in that
> >gave everyone a chance to speak in full. Instead of the usual
one
> hour,
> >we actually had three hours (including a break and a Q&A period)
in
> >which to thoroughly debate the issues. That sounds like
hardship for
> >both speakers and audience alike, but but the debate was quite
lively
> >and the audience seemed quite engaged.
> >
> >Enclosed below is a blog report on the event by Don Tennant, who
is
> >editor of Computerworld and served as the moderator of the
event. He
> >posed some excellent questions, and included a couple of small
excerpts
> >of the ensuing discussion in his blog.
> >
> >Though Don is correct in stating that much of the debate
consisted of
> >exchanges between Prof. Ravi Aron and me, it's important to
point out
> >that there were two other panelists, Jesus Arriaga, Interim CIO
of
> >Bosley Medical, Inc. and Mitch Stern, Director Human Capital,
Deloitte
> >Consulting. Mr. Stern, an HR expert, did have quite a bit to
say, and
> >Mr. Arriaga made some interesting comments as well.
> >
> >As you will see in his remarks below, Prof. Aron takes the
libertarian
> >point of view. He admits that the H-1B program is used for
cheap labor
> >rather than for remedying a labor shortage, and over lunch
before the
> >event he also admitted that the H-1Bs are mainly brought in so
that
> >employers can avoid hiring older, i.e. 40+, Americans; indeed,
he
> >brought this up before I did. (He also mentioned that to prep
for the
> >debate, he talked to his former colleague at Wharton, Peter
Cappelli,
> >whose writings on the non-shortage of labor I've often quoted.)
He put
> >forth the usual argument, spoken with religious fervor and
mathematical
> >certainty, that purely laissez faire economic policies make the
world
> >better.
> >
> >For my part, I stated that I respect the libertarians because at
least
> >they are honest about issues like this. However, I also stated
that I
> >believe most people (including those in the audience) aren't
> >libertarians. My willingness to participate in forums such as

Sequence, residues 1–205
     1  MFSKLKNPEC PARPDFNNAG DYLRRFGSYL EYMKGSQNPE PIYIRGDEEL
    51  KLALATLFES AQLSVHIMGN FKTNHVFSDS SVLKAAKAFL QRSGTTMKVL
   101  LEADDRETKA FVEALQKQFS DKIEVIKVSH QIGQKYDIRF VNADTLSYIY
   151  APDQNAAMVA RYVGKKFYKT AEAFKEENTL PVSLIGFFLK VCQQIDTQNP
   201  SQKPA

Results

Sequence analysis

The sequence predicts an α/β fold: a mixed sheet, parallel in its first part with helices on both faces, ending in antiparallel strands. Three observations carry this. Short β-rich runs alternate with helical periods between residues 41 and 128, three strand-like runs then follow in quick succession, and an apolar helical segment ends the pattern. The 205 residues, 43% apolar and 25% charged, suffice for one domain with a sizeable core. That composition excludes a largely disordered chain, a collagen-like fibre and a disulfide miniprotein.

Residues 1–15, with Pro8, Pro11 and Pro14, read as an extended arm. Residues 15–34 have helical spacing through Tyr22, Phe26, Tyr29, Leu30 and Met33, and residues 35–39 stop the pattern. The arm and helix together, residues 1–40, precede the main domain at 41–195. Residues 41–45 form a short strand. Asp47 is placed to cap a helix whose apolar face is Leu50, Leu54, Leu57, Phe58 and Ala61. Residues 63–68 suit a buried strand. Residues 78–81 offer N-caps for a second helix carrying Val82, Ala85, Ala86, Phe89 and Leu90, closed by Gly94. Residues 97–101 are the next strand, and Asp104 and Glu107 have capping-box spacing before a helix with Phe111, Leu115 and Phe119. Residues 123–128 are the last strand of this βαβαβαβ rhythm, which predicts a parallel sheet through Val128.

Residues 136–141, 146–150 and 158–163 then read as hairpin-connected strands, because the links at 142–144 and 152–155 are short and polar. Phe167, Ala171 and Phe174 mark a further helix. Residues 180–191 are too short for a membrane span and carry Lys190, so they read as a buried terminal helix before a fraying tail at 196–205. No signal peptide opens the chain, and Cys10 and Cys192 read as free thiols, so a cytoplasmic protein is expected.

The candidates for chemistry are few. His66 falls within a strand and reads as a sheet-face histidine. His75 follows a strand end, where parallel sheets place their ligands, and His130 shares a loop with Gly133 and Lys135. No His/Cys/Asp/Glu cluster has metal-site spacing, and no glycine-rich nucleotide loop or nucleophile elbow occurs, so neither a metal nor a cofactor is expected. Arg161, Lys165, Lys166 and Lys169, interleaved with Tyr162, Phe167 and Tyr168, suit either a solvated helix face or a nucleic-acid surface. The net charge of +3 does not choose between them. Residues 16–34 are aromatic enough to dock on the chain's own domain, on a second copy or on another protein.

this is
> >motivated mainly by a desire to get the facts out in the open;
then
> each
> >listener can apply his own political/economic philosophy to
forming his
> >stance on the issues.
> >
> >The nature of the audience, consisting of CIOs, IT managers, IT
> >entrepreneurs and the like, made for quite a different type of
> >discussion than one usually finds in these forums. They KNOW
these
> >issues. This is the first such forum I've seen in which NO ONE
(if I
> >remember correctly) challenged my point that H-1B is about cheap
labor
> >and replacement of older workers. Even Stern and Arriaga, both
of whom
> >strongly asserted a tech labor shortage, did not dispute these
points,
> >and as mentioned, Aron did not dispute them either.
> >
> >One thing that got a big laugh and repeated references in the
> subsequent
> >discussion was that I said, "Paraphrasing Shakepeare, I say
`First
> thing
> >we do is kill all the HR people.'" :-) After the event, several
people
> >told me some of their own favorite horror HR stories. HR people
tend
> to
> >be zealous gatekeepers, a major obstacle to good hiring. Stern,
a very
> >personable guy, took it good naturedly.
> >
> >Aron was personable too. Though the discussion got a bit heated
at
> >times (even with plenty of time to get my points across, I am
irritated
> >when offered false choices such as "Who would you rather believe
on
> >H-1B, Paul Krugman or Charless Grassley?"), I look forward to
another
> >pleasant chat with him when we bump into each other again.
> >
> >Yet it's clear that Ravi and I are poles apart in, literally,
our views
> >of the world. It's not just ideology, but also a sense of